It was not until the mid-twentieth century that queer activists mobilized to build their own archives, at first informally, collecting artifacts such as diaries, meeting notes and protest banners, then in more formal collections like the GLBT Historical Society, founded in 2011, according to Shaffer.
Other official collections in the United States include the Stonewall National Museum & Archives in Fort Lauderdale, Florida; the ONE National Gay and Lesbian Archive at the University of Southern California; the Lambda Archives of San Diego; and the Herstory lesbian archives in Brooklyn.
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“Decades of work and activism”
The merging of increased social and cultural acceptance with this archival activism opened the door to the museums, archives and exhibits that exist today, Shaffer said.
A Gallup poll released last month found that 7.1% of American adults identify as LGBTQ, double the percentage from 2012, when Gallup first measured identity, and up from the poll. year that showed 5.6% of adults identify as LGBTQ.
The rise has been led by young people: About 21% of Gen Z Americans — those born between 1997 and 2003 — identified as LGBTQ in the poll, which was based on aggregate data from 2021.
“We are seeing decades of work, activism and archival practices by queer people come to fruition,” Shaffer said. “I think those two things kind of happen at the same time: broader social acceptance, but also a broader set of data. Without the archives, we really would have few stories to tell.”
The GLBT Historical Society is the nation’s only free-standing museum dedicated solely to American LGBTQ history and culture. according to its website.
Vaid said Stonewall’s 50th anniversary in 2019 was a pivotal moment for raising awareness of LGBTQ history, opening the door for explorations of examples of that history across the country.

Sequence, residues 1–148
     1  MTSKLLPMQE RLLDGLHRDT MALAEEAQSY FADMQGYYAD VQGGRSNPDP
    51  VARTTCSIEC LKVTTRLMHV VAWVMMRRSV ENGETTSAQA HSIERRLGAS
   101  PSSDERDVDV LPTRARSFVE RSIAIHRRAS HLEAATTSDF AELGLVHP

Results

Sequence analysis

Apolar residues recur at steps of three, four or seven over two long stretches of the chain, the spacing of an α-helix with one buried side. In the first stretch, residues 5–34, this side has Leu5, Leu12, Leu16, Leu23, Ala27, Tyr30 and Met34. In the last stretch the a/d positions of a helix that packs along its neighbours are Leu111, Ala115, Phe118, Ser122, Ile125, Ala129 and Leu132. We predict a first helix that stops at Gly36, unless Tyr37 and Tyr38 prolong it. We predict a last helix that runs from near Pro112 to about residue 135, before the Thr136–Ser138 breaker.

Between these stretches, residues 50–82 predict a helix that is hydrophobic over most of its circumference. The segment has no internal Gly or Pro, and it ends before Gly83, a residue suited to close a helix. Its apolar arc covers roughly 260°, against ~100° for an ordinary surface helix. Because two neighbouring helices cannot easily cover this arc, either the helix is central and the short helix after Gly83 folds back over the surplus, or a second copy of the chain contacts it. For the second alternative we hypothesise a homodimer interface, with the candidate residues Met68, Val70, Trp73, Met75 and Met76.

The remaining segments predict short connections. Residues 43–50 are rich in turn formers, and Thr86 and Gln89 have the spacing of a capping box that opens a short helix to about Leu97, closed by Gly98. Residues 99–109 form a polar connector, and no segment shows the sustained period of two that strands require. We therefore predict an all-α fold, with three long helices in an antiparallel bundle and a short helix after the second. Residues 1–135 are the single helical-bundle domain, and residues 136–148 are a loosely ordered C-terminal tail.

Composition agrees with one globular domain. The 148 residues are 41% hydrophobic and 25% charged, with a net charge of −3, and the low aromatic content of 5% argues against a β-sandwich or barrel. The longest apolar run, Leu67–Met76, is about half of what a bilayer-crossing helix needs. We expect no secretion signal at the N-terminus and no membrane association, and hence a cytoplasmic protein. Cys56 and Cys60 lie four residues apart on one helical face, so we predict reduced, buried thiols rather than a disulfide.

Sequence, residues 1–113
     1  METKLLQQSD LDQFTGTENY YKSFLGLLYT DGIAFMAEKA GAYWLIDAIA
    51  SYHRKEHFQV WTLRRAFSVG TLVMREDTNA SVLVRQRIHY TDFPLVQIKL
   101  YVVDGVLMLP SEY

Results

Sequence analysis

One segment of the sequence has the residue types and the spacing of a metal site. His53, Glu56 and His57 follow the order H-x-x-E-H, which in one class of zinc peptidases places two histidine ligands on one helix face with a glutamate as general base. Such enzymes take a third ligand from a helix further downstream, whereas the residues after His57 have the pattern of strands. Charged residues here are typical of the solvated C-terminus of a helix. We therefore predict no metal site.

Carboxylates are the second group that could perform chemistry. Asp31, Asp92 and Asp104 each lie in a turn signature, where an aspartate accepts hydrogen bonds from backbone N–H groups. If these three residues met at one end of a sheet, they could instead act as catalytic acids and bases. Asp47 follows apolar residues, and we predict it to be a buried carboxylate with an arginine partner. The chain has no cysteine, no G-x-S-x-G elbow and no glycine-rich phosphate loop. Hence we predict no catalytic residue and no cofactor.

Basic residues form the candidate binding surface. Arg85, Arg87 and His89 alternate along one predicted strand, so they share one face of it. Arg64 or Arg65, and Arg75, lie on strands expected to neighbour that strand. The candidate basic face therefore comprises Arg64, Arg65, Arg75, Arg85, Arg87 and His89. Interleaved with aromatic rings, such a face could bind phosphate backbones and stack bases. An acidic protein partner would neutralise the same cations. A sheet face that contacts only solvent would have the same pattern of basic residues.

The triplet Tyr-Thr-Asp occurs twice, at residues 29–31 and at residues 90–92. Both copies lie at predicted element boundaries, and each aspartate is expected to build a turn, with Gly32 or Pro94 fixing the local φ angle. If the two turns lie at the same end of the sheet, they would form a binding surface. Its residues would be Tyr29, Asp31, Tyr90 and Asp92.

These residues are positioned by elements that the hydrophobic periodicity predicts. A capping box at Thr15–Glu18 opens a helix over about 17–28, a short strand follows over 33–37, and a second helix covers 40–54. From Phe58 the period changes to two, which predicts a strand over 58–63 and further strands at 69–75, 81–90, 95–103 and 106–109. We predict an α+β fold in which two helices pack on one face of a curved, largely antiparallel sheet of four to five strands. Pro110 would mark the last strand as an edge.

“LGBTQ history is actually very local, national and international history,” Vaid said. “So there are queer stories in Ohio, there are queer stories in Iowa, there is LGBTQ history in Nebraska.”
Shaffer, whose primary role with the GLBT Historical Society centers on fundraising, said the rising cost of living in cities is also affecting queer museums and archives there.
“A lot of our institutions were built in a time when it was possible to live in San Francisco, New York, Los Angeles, or Boston and not be rich, and that time is fast disappearing,” Shaffer said. “Long term, this is a concern for any queer organization: how do you survive in a city that may no longer have room for some sort of rambling upstart institution?
Garcia and other museum directors are considering traveling exhibitions, online exhibits and other opportunities to ensure access to queer history is not limited to metropolitan areas like New York and San Francisco.
“What we hope to be is a place where these stories are kept and told on an ongoing basis, a kind of source or a source for all these other possible manifestations of story or storytelling exhibitions that may occur in the whole country,” Garcia said. “I think the role of a culturally specific organization or an LGBTQ archival library or museum is to be that holder of documentation that will last in perpetuity.”
As interest in and access to LGBTQ museums increases, organizations have also thought about their audiences and the makeup of those who visit them. Museums and archives focused on queer culture and history are primarily safe and welcoming spaces for the LGBTQ community, but also serve to teach queer history to heterosexual and cisgender visitors, according to Shaffer.
“Our audience is really, really large,” he said. “I think that’s a big part of our mission to not just educate queer people about their history, but to educate everyone about their history…I think everyone should be able to access it, and it should be done in a way that is presentable and understandable.”